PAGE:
Solo show by Marina Stanimirovic
Text by Marie DuPasquier
Elle portait un nom, je le sais aujourd’hui, un nom qui coupe : elle s’appelait le silence.
A hand detaches from its background. In this slackened gesture, as if left abandoned, it seems inert and inoffensive. Not immediately noticeable, this capture of the appendage at rest contrasts with the materiality of the other presences in room and yet is part of the ensemble.
Dispersed in the space, Marina Stanimirovic’s pieces are mostly made of manufactured and also trivial construction materials such as stainless steel or glass. Their smooth and soft surfaces, sometimes spray-painted and adorned with photographs or seals and gear-like components borrowed from industrial design, are not sufficient to hide cut edges and sharp angles. They seem to have once been the constituent members of a singular corporality, to have participated in a well-oiled machinery; now, they are maintained together artificially, only by the limits of the architecture. If they appear sometimes menacing, the composite sculptures are coated with all kinds of protections, exposing concurrently the weaknesses to the point of revealing the exact locations of the injury. Much as knee or elbow pads might stabilize and rehabilitate a body, these same protections lock the organs in manipulated and frozen gestures. In containing the flaw, they induce the failing forms to silence.
So many stifled screams of a flesh affected by sorrow and trauma. Marina Stanimirovic reveals to us an organism capable of carrying at the same time suffering, desire, pleasure and fear in a vertiginous and confusing proximity. Thus, by dint of living the internal tensions, and constantly torn between survival and self-destruction impulses it finds refuge in silence in order to subsist, yet slowly becoming its hostage. « Avec mes larmes coule ta douleur » would she say. If children are born in a climax of cries, the term infant implies (in its Latin root, "the one who does not speak") one whose emotional state must be deciphered though the tears. As if it were the result of a life-long apprenticeship, silence might end up being integrated and perceived as a beneficial strategy, at the risk of turning against oneself. Throughout the exhibition, the artist questions the foundations underlying the processes of silencing and invisibilization, and inquires what forms can be taken by the violence inflicted on the body.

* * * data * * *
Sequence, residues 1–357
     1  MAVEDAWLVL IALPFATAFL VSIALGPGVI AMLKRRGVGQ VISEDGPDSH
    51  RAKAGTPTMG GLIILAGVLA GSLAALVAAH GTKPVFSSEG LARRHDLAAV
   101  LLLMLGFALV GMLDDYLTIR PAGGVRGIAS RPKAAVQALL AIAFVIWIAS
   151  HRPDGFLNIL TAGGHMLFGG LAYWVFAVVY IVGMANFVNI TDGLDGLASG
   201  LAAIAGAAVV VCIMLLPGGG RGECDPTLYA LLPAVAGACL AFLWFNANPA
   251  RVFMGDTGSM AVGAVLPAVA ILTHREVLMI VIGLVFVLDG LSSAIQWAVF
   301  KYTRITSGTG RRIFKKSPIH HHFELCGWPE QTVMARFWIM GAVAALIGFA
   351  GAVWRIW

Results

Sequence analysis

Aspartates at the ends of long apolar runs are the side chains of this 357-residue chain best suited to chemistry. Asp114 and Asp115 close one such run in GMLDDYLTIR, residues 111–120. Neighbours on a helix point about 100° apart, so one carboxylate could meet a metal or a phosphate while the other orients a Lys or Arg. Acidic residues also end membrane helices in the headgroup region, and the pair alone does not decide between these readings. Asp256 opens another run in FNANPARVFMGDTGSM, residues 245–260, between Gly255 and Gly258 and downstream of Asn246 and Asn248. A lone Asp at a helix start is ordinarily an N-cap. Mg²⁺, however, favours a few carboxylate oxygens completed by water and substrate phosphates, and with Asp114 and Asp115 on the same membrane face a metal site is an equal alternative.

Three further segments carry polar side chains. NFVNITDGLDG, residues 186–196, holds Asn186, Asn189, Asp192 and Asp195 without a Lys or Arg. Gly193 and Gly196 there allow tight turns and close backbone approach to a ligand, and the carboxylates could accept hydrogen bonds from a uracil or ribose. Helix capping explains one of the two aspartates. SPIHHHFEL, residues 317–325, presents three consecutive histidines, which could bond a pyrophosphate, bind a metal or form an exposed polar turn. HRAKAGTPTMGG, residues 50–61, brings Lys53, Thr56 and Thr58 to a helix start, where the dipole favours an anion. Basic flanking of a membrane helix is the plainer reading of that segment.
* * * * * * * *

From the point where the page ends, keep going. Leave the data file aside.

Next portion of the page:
“It has a name that cuts: it was called silence.” It is indeed violence that the protagonist of Nina Bouraoui's Otages is talking about here. That which infiltrates the thinnest cracks, the narrowest fissures, and seizes every cell of the being. But it is also the one that infiltrates every parcel of the social fabric, of the social body, to the extent of making the interweaving and interdependence of oppressions inextricable. Not without referring to her personal history, Marina Stanimirovic willingly traces the heritages of violence and confronts the fertile ground of systemic violence to identify them in states’ practices and in the legacy of colonialism in the neo-liberal capitalist society. What are the mechanisms that promote patriarchy and justify domestic violence, incest, rape or any violence against women, minorities and vulnerable persons? Who are those who grant themselves the right to dispose of the bodies of others in all legitimacy?
The violence that we end up not seeing anymore, so common to become unremarkable, the one that invades bodies with ambiguous mutes and is transmitted through unexpected ways, constitutes the source material of Marina Stanimirovic’s work, and its processing appears a matter of necessity. In the exhibition, the artist unfolds a narrative made of ellipses, cuts, resistances and respirations that allow us to catch our breath, like those that give rhythm to the artist’s recited poem. Starting from her own figure, she generates a space for speculation in the shape of a distorted cartography of pain or a fragmented anatomy of the silenced body, in which the sculptures and installations become the agents. In this scenery, halfway between an urban construction site and the sanitized interior of a hospital, we are enveloped by the sound and wander around the modular structures. The arrangement of the elements blending with the architecture, the flowers in pots, just like the hand at rest, introduces us to a disconcerting, semi-accessible intimacy, which might leave us to ourselves, confused. Perforated as it is, the work's narrative thread leaves space for interpretation. It invites us to complete and transform our physical and affective responses, invoking the search for balance and, with it, enfranchisement.
1 Nina Bouraoui, Otages, 2020, p. 30 : « It had a name, I know it today, a name that cuts: it was called silence.»
2 Excerpt from Marina Stanimirovic’s poem: “With tears flows your pain.”
3 Françoise Vergès, Une théorie féministe de la violence. Pour une politique antiraciste de la protection, Paris : La Fabrique éditions, 2020.